Leaves… people! Peeping at leaves!
We Vermonters have a love/hate relationship with leafing season. How can you not be lured in by the nature’s annual show of flamboyance? It’s stone-cold gorgeous. Economically, we’re grateful, of course, for the multi-week tourism boom.
It’s just that as a collective of 600,000+ independent spirits, we still have lives to attend to. Just like in any other tourism Mecca, we locals want to welcome our guests while still getting to work on time, making it through the grocery store in decent time, and enjoying a meal out without a glacial wait time.
It’s ironic that most travelers seek to assimilate – at least to some extent – with the foreign culture they’re visiting. Yet, somehow, that traveling mantra seems to be tossed out the window when your destination is just at the other end of the Interstate. Because we love visitors and really want you to feel comfortable throughout your annual New England escapade, Ibex presents the top five ways to “Peep Like a Local.”
1. Drive the speed limit. We get it. The views are spectacular and this weekend is all about “slowing down.” Here’s an idea. Drive the speed limit to a trailhead. Exit the car, toss on a hat and appreciate the Technicolor trees on foot. For multi-generational broods, we have lovely hikes from easy to challenging.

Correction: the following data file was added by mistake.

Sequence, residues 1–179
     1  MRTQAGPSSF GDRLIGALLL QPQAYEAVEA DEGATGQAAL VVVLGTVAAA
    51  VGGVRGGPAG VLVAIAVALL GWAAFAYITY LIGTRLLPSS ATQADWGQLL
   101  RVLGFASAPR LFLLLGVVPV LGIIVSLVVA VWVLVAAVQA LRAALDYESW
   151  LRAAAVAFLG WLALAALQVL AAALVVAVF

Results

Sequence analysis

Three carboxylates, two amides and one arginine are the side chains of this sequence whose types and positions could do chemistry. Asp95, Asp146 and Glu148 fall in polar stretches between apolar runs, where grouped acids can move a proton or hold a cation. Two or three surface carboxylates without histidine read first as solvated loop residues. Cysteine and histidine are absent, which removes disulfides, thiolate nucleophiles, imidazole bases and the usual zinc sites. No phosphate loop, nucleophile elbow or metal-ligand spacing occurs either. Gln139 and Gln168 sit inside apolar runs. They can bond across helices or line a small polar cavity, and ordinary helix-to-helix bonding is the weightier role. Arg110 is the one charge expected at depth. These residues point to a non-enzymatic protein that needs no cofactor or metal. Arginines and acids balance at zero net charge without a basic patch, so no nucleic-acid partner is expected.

2. Sleep in… please. This one is about relaxation and consideration. We are the 49th most populated state; we’re unaccustomed to lots of people. But we also fancy ourselves a considerate bunch. We let the guy with a single gallon of milk go in front of our full cart at the grocery. We take the time to chat with our neighbor. If you’re in line for your triple espresso with extra sugar while the rest of your family lulls in bed, perhaps you could allow a local on her way to work to go first in line?
3. Do not wear plaid flannel from head to toe. We dress for the cold weather, not for a Paul Bunyan convention.
4. Don’t pretend to know which day will be the peak of color. The science of the color change (light, temperature, precipitation) allows for some solid guesses, but there is always room from surprise. No one really knows which day will be more mind blowing than the next.
5. Share the goods. When you stumble on a superlative expanse of color, tell people. If it’s remote, we guarantee your excitement won’t overrun the joint. If it’s right off the highway, the beauty of this annual tradition is that it’s indiscriminate as to who can enjoy it. Not sharing the good spots doesn’t make you “local,” it just makes you stingy.
(photos courtesy of Anthony Quintano)